Our goal in this study was to better understand the effects of economic stress on Hispanic-American families, a rapidly growing group in the United States that is expected to comprise nearly a quarter of the population by 2050.
We focused on Mexican-American families, who, as a group, are likely to be employed and married with multiple children, but who are also likely to be living below the official poverty level. For comparison purposes, we included a group of non-Hispanic white families. Our key question was: "Does economic stress have similar effects on the functioning of Mexican American and European American families and children?" To answer this question, we studied 167 Mexican-American and 111 European-American parents and their fifth-grade children. We asked parents about the amount of economic hardship they experienced during the last year, such as job loss, unstable work, and income reductions. We also explored feelings of financial pressure, for instance, whether they felt they couldn't make ends meet, whether they had enough money to be able to afford things like health care and housing, and the extent to which they had to make economic adjustments.
Parents also told us if they experienced depression and about the quality of their marriages. Because parenting can be adversely affected by economic stress and marital relationships, we asked both parents and their children about parenting styles. For example, we wanted to know whether the parents were strict, consistent, warm or hostile.
Finally, parents and teachers reported on the children's externalizing behavior problems, i.e., aggression and acting out, and internalizing behavior, such as depression and anxiety. These were the important child outcomes in our study.
We found that economic hardship such as unstable work leads to feelings of economic pressure that, in turn, are related to higher rates of depression for both mothers and fathers. Although the European-American families had somewhat higher incomes than the Mexican Americans, they were by no means free of economic stress. We found that the links between economic stress and depression were generally the same for both groups. Additionally, we found that depressive symptoms for both ethnic groups were linked with more marital problems and more hostile parenting.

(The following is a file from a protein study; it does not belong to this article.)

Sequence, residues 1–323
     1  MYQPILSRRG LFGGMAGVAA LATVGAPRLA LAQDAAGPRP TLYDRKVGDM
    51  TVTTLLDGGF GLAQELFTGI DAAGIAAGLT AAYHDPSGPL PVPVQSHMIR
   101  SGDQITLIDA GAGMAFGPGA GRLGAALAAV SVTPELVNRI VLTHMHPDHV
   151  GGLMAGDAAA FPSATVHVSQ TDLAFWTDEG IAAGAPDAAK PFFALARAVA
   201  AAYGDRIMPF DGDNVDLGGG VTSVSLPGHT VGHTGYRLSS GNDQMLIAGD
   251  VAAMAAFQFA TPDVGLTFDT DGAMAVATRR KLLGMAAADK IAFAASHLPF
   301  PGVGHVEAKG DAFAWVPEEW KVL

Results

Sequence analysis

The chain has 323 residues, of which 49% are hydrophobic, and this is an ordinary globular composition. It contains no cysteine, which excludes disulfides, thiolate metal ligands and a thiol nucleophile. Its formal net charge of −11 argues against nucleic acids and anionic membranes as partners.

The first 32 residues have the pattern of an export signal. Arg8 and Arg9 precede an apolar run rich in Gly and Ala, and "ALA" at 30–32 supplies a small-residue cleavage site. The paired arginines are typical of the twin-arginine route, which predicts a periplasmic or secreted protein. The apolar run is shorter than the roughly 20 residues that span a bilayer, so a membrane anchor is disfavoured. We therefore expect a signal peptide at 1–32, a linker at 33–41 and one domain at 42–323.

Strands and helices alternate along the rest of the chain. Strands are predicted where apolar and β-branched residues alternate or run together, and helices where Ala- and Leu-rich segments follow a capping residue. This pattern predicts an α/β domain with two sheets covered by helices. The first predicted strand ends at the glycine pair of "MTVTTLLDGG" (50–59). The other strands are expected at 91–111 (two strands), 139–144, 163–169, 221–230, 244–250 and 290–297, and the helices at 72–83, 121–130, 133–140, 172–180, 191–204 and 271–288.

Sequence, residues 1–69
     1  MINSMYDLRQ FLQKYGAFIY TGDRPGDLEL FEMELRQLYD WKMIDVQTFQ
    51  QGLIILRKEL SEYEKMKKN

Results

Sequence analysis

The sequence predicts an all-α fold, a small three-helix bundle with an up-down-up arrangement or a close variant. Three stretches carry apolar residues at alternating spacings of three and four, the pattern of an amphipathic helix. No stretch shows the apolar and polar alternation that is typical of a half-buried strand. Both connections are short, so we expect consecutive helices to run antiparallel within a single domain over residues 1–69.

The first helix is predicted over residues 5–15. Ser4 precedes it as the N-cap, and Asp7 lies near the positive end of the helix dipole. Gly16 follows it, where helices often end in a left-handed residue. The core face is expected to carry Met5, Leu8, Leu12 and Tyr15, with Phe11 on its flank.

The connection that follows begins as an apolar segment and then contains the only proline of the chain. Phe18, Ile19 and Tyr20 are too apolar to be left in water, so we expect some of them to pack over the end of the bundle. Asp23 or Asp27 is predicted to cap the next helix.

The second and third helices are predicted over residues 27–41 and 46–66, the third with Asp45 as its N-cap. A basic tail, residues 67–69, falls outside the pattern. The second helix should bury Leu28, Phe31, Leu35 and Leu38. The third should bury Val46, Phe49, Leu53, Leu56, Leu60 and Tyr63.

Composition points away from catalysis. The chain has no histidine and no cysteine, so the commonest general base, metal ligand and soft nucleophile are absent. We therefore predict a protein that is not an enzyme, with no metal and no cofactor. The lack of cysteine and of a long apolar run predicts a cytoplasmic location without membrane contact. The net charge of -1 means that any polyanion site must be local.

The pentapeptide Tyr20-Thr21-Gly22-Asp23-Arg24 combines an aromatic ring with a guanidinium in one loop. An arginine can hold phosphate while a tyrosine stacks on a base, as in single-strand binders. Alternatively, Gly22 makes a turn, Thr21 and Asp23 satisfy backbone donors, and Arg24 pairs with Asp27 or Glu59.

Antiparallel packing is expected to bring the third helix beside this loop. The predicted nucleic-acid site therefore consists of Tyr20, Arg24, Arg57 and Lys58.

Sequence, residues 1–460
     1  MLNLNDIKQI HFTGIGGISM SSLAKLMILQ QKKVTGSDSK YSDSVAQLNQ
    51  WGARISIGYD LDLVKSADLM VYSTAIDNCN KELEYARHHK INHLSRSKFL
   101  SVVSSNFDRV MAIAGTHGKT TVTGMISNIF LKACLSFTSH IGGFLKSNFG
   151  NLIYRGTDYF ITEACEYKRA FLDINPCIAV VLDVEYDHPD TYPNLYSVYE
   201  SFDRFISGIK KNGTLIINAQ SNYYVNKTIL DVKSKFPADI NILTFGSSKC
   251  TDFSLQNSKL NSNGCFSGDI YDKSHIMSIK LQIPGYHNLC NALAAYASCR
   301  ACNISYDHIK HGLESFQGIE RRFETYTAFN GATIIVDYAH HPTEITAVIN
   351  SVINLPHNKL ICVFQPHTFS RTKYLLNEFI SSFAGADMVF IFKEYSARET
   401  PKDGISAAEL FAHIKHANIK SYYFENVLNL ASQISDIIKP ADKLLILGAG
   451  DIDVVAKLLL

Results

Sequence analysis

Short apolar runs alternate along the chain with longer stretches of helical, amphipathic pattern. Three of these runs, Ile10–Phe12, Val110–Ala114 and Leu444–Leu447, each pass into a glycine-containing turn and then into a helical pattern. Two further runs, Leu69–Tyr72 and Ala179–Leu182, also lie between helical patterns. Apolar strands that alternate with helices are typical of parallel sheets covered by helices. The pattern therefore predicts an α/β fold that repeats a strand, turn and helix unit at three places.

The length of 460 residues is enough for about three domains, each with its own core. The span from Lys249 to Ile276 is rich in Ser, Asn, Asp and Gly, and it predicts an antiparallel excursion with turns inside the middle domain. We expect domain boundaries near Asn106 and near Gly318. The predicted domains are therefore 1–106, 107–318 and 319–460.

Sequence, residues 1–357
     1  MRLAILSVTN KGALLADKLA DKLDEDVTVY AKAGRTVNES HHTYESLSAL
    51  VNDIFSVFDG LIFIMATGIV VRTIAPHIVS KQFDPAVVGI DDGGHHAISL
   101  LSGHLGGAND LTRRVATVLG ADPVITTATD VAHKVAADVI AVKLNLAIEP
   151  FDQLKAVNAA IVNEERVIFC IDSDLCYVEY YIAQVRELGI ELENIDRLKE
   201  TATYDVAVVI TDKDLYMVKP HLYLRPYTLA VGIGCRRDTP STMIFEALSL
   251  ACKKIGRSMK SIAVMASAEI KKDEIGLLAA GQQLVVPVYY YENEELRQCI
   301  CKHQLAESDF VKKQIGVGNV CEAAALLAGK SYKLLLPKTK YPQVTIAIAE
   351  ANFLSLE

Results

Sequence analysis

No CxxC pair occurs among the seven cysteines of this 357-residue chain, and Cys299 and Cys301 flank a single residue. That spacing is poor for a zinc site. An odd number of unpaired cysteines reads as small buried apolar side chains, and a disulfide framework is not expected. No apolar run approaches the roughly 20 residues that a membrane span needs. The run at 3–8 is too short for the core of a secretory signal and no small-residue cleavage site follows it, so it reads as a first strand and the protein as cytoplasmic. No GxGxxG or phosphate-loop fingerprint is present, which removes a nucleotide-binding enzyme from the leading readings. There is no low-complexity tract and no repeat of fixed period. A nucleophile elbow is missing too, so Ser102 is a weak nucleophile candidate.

This suggests that membership in a group that is better off economically does not necessarily protect individuals within that group from the negative impact of economic stress. It also suggests that the effects of economic stress do not differ between the two ethnic groups studied.
We also found that children are not immune from economic stress and may suffer adjustment problems as a result of family economic adversity. In both ethnic groups, negative outcomes are related to economic stress but the family pathways that lead to these problems appear to be different.
For instance, in European-American families, an increase in hostility from the father is linked with the greatest number of child adjustment problems. In contrast, in Mexican-American families, the presence of marital problems rather than hostile parenting styles is associated with poor child adjustment.
Mexican-American families also vary in their degree of acculturation (or how much they speak English, rely on American media, and interact with white non-Hispanics). Mexican-American mothers who were more acculturated experienced more marital problems, but were less hostile in their parenting.
This suggests that the independence and greater sharing of power in the family that accompanies acculturation may be associated with more overt conflict in marriage, but is also associated with a less harsh style of parenting.
This study shows that economic stress has important effects on families - regardless of ethnicity or income level. Family practitioners, social workers, and therapists need to be aware that families may need extra help and support during times of economic downturn. Additionally, educators need to be sensitive to the needs of children during these times.
Finally, prevention and intervention efforts must be sensitive to the fact that, while all ethnic groups are vulnerable to economic problems, the type of support the various groups need may vary based on ethnicity.
Summarized from Child Development, Vol. 75, Issue 6, Economic Stress, Parenting and Child Adjustment in Mexican-American and European American Families by R.D. Parke (University of California, Riverside), S. Coltrane, S. Duffy, R. Buriel, J. Powers, S. French, and K.F. Widaman. Copyright 2004 The Society for Research in Child Development, Inc. All rights reserved.